If the tariff falls into the left-hand block, a genuinely 100% renewable tariff, for carbon accounting purposes the GHG protocol guidance suggests that they need to meet three quality assurance criteria (reference, credit and source: UKGBC guidance):
Renewable energy source – The energy that is generated, purchased and supplied as a retail commodity to the consumer is definitively produced by renewable energy technologies (wind, solar, hydro etc.).
Renewable energy attribute – The energy volume retains its’ renewable energy guarantee, i.e. 1 x REGO certificate is issued alongside each MWh of energy.
Renewable energy additionality – The purchasing of the electricity by the user results in new renewable generation capacity being built, that would have otherwise not have happened.
Unpicking this with our own supplier, our interpretation is that the tariff we have signed up to meets these three ‘good quality’ requirements, specifically:
Source – The energy volume supplied to us is 100% renewable energy generation sourced, i.e. the generators the supplier purchased energy from are renewable technologies only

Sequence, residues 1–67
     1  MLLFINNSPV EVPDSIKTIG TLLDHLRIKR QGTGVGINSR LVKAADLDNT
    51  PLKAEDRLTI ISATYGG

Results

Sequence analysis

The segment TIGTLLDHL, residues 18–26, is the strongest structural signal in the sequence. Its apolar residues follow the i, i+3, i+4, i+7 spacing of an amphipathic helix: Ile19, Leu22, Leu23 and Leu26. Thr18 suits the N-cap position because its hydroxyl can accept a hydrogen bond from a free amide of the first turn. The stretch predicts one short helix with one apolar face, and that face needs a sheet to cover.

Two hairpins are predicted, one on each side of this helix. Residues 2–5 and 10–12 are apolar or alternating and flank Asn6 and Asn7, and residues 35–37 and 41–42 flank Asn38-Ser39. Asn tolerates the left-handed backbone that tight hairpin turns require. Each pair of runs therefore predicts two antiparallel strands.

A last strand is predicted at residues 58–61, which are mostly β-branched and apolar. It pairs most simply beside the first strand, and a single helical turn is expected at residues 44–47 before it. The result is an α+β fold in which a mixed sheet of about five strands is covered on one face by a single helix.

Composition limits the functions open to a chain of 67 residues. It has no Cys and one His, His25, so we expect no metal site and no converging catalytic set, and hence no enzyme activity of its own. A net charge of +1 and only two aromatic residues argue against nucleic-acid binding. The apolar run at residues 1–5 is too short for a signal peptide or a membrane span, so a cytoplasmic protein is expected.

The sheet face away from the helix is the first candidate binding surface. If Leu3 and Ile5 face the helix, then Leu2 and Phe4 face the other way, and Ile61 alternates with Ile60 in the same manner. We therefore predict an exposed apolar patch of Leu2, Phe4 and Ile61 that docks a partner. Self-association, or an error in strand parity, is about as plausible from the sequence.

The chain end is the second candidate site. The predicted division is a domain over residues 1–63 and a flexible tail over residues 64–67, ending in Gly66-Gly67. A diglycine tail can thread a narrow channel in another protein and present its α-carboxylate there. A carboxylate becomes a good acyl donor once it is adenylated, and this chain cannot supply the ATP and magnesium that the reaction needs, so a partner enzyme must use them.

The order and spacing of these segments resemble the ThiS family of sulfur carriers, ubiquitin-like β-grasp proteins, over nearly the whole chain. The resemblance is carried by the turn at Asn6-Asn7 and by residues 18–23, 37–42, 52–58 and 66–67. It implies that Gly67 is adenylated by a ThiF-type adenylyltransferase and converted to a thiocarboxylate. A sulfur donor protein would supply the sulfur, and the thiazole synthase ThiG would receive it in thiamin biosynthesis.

Attribute – Specific guidance on avoidance of REGO greenwashing and confirmation that they ‘retire’ the REGOs on our behalf, preventing them from being re-used elsewhere
Additionality – Information around the revenue being used to directly invest in new renewable energy generation projects
However, determining whether a green tariff genuinely meets these criteria is not straightforward. Some suppliers who perpetuate greenwashing (i.e. buying fossil-fuel energy, buying the equivalent amount of REGOs and greening up their supply), can present a potentially misleading view of the actual energy they have bought, through information such as fuel mix disclosures. The transparency of green tariff legitimacy remains an issue for the sector and should be one we keep talking about and Regen has been calling for far greater transparency and a reform of the system of fuel mix disclosure.
Signing up to a green tariff can also send a positive market signal